Agnes Allen Seasonal Pitching Records
Agnes Allen Seasonal Batting Record
Excerpts from Biography: Allen, Agnes by Jean S. Patrick
Agnes made the roster of the 1950 Springfield Sallies. The Sallies, along with the Chicago Colleens, were referred to as “traveling teams” or “rookie teams.” These teams played against each other in Illinois and throughout the South and the East. The purpose of these teams was threefold; to develop the talent of players who were on the cusp of being ready for the main league, to generate interest in the league, and to scout and recruit new talent.
The travel was constant, according to Agnes, who was often homesick and wrote home every week. “We’d play in one city, stay overnight, and travel to the next city,” she explained. To pass the time on the long bus rides, the players would sing, talk, and get along, for the most part. Her roommates were Bobbie Liebrich and Pat Barringer, the chaperone/managers for the two teams.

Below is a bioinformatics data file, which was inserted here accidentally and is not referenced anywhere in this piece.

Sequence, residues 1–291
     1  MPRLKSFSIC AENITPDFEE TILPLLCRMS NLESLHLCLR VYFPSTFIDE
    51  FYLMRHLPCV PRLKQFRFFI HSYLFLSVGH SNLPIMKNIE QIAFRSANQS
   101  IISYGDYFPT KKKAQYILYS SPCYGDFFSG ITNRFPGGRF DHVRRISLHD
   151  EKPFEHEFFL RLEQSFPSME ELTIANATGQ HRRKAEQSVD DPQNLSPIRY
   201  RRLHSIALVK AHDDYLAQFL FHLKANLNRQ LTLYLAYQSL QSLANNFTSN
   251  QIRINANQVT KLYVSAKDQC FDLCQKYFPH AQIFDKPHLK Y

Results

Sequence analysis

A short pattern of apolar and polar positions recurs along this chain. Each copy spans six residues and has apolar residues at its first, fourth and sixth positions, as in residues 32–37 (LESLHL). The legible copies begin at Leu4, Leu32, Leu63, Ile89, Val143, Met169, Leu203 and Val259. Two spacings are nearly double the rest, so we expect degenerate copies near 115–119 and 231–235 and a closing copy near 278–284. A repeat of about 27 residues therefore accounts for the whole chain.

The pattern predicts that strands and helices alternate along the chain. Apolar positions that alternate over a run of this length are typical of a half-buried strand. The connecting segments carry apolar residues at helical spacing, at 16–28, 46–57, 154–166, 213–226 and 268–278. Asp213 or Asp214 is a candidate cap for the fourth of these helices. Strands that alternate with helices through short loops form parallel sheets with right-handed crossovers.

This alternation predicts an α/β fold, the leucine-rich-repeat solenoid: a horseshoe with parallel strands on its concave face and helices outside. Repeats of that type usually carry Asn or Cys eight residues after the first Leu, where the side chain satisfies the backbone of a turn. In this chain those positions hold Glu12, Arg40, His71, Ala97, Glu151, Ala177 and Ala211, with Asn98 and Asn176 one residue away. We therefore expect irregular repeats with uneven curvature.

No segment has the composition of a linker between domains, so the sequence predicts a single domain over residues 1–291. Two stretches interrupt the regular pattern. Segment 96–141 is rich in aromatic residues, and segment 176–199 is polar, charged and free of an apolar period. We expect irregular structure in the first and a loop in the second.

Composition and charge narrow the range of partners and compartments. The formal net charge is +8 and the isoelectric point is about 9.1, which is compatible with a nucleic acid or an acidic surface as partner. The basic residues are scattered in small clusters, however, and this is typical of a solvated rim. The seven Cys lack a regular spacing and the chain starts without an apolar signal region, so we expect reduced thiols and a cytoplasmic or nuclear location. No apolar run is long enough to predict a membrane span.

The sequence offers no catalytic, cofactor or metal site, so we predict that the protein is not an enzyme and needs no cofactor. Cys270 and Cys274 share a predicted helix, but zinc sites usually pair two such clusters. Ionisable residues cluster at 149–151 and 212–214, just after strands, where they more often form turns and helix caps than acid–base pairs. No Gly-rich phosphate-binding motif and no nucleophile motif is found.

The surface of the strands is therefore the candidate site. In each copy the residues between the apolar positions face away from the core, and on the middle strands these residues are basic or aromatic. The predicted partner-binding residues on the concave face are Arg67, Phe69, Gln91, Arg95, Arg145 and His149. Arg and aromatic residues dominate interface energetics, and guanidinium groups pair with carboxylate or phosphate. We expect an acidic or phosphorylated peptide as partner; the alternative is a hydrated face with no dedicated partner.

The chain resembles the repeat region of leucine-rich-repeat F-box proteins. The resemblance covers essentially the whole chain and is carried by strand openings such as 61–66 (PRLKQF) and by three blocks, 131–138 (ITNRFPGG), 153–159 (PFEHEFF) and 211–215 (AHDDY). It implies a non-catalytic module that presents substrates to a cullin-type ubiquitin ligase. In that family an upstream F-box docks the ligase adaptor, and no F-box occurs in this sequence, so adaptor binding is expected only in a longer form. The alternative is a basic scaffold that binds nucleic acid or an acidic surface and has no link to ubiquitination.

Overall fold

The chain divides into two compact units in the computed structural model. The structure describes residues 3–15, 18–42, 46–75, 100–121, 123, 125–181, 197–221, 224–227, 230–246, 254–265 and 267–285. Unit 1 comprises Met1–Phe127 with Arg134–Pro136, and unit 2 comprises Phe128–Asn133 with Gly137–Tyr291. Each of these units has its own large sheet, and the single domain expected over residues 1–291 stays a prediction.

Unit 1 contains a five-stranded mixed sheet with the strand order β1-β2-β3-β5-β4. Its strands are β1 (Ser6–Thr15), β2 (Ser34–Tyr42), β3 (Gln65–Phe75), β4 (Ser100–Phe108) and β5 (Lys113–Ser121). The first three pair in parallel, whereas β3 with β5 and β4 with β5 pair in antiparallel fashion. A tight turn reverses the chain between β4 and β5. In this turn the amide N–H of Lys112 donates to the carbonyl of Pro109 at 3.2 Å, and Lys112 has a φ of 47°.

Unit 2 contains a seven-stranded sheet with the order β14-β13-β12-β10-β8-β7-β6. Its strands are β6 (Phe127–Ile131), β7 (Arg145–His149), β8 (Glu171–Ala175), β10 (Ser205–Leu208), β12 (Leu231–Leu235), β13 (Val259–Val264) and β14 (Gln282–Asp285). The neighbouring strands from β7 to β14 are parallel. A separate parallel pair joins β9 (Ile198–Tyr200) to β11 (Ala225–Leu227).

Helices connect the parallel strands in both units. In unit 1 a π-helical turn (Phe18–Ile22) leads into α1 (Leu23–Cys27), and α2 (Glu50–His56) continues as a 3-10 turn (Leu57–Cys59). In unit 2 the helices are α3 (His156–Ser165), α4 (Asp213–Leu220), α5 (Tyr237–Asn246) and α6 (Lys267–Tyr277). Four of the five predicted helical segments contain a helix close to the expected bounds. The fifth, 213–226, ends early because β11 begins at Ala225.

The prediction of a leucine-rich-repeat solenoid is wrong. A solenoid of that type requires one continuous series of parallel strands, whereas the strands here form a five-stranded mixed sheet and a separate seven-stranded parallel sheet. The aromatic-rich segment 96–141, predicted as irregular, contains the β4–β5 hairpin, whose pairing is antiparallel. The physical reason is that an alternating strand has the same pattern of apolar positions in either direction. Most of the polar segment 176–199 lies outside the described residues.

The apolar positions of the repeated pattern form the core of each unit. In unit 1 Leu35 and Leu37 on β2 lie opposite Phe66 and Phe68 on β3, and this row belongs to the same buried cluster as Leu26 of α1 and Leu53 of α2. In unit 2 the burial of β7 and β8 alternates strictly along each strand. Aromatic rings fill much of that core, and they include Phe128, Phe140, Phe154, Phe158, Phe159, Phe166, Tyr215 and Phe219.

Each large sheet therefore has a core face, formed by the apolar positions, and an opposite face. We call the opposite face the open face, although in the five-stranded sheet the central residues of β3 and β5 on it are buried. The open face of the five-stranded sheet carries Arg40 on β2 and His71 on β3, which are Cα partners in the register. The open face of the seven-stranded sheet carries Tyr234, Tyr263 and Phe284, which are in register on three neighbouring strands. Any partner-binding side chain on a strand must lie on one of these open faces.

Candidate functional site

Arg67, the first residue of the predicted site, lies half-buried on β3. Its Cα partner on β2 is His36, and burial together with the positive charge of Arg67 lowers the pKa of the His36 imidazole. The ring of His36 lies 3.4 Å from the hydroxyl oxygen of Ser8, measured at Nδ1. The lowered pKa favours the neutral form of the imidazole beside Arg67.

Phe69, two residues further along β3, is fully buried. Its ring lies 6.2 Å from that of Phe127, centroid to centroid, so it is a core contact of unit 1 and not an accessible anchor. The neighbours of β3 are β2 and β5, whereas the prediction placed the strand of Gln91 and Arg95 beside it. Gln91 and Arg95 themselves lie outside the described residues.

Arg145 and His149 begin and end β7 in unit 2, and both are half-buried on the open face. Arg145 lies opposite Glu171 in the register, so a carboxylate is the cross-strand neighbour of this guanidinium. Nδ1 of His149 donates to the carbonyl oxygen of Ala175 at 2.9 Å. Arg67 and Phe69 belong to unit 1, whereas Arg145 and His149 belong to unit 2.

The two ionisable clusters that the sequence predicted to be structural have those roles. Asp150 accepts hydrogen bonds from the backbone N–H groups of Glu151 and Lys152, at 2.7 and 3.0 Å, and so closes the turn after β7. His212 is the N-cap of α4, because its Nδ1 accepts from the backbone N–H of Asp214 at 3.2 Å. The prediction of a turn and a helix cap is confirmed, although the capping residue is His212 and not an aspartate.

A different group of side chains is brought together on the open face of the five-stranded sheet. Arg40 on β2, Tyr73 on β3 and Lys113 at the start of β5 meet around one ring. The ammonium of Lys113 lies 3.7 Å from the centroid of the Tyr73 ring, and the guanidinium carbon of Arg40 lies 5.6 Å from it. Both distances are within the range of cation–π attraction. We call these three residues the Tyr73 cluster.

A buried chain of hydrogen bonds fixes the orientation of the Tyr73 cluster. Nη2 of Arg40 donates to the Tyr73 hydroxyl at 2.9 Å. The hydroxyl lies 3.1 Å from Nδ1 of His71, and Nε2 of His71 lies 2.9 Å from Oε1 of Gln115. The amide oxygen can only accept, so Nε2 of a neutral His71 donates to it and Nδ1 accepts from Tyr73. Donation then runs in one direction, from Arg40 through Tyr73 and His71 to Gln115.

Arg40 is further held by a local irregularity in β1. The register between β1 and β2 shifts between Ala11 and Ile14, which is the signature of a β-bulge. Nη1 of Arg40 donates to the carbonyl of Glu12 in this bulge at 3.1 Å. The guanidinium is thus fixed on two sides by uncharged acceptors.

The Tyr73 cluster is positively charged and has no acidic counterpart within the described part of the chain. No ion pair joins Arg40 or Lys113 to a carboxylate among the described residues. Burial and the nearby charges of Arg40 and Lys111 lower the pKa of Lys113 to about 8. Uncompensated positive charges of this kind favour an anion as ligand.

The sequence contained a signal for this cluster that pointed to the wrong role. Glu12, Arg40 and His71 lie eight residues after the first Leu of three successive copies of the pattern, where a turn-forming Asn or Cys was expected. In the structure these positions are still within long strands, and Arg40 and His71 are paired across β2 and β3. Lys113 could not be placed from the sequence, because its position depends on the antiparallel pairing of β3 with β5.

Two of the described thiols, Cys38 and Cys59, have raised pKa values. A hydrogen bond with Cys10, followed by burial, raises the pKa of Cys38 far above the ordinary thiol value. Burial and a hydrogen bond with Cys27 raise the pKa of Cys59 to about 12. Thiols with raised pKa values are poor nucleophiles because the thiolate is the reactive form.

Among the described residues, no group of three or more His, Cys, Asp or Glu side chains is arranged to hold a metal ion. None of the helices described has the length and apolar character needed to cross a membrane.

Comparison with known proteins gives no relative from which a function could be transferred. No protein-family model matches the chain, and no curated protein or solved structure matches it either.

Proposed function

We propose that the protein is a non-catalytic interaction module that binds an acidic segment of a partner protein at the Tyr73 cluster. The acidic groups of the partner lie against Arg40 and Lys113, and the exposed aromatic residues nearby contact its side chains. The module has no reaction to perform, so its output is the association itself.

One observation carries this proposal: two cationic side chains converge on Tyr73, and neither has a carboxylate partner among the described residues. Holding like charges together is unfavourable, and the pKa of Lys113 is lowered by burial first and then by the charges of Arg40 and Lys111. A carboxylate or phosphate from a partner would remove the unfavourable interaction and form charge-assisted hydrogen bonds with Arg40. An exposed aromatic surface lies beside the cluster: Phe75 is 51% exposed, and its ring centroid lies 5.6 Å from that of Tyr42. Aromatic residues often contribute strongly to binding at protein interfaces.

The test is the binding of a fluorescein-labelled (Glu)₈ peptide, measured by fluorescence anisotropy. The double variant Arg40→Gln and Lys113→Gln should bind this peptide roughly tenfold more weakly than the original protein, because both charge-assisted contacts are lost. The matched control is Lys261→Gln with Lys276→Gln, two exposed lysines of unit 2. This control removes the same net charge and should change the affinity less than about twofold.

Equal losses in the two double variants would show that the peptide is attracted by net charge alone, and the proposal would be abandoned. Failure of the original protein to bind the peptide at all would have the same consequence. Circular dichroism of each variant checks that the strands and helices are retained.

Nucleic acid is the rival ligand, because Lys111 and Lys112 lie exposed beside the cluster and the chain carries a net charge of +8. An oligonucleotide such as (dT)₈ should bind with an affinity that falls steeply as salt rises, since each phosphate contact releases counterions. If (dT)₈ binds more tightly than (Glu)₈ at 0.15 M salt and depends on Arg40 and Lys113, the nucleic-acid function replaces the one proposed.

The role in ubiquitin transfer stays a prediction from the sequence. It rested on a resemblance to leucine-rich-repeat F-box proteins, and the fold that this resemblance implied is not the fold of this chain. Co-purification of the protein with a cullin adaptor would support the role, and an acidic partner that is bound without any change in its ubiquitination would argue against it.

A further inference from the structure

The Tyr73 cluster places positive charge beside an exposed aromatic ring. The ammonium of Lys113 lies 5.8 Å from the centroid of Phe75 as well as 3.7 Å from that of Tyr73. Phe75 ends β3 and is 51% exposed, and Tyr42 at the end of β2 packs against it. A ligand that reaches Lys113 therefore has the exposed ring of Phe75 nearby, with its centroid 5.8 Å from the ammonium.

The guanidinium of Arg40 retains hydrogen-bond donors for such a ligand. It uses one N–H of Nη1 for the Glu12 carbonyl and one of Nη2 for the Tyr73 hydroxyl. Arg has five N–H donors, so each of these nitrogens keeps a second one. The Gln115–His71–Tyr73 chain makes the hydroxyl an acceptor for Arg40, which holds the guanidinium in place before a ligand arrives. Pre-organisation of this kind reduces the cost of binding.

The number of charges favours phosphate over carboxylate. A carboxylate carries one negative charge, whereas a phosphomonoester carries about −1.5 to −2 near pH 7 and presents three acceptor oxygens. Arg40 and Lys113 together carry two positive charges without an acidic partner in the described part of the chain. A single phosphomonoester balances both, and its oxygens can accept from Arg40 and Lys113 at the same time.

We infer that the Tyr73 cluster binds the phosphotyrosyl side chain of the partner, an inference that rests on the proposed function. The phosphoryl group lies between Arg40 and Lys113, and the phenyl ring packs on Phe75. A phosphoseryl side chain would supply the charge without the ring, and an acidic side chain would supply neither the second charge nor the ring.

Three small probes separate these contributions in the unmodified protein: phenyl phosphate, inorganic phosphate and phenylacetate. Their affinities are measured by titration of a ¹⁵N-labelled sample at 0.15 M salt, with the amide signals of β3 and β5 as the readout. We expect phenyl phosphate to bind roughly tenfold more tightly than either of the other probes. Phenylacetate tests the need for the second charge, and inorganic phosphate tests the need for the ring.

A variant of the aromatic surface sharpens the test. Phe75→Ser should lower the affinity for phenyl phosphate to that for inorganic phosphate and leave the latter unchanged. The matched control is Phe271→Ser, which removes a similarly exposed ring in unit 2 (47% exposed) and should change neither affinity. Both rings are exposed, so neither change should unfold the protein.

Agnes played for the Lassies from 1951-1953, except for a few games she played with the Battle Creek Belles in 1951. Her strongest season was in 1953, when she had a 10-9 record with a 3.70 ERA. Remembering her three seasons with the Lassies, she recalled teammates Doris Sams (“She was a home-run hitter and a nice gal”); Doris “Cookie” Cook (“Oh, she was funny!”); and two Cuban players (likely Ysora Castillo in 1951 and Isabel Alvarez in 1953).
The Lassie’s manager was Mitch Skupien, who led the 1950 tour and began coaching the Lassies in 1952. “He was a pretty nice guy,” said Agnes. “He’d get after you if he didn’t think you were trying hard. He’d get after you as a team for this, that, the other thing. He was very good.”
At age seventy-seven, Agnes articulated the importance of her years with the AAGPBL. “I think it gave me encouragement to try things I wanted to do that I perhaps would not have,” she explained. “Any time you try something new and can achieve it, it gives you another push to do something beyond that.
Copyright: SABR/AAGPBL Joint Biography Project
Contributed by Jean L. S. Patrick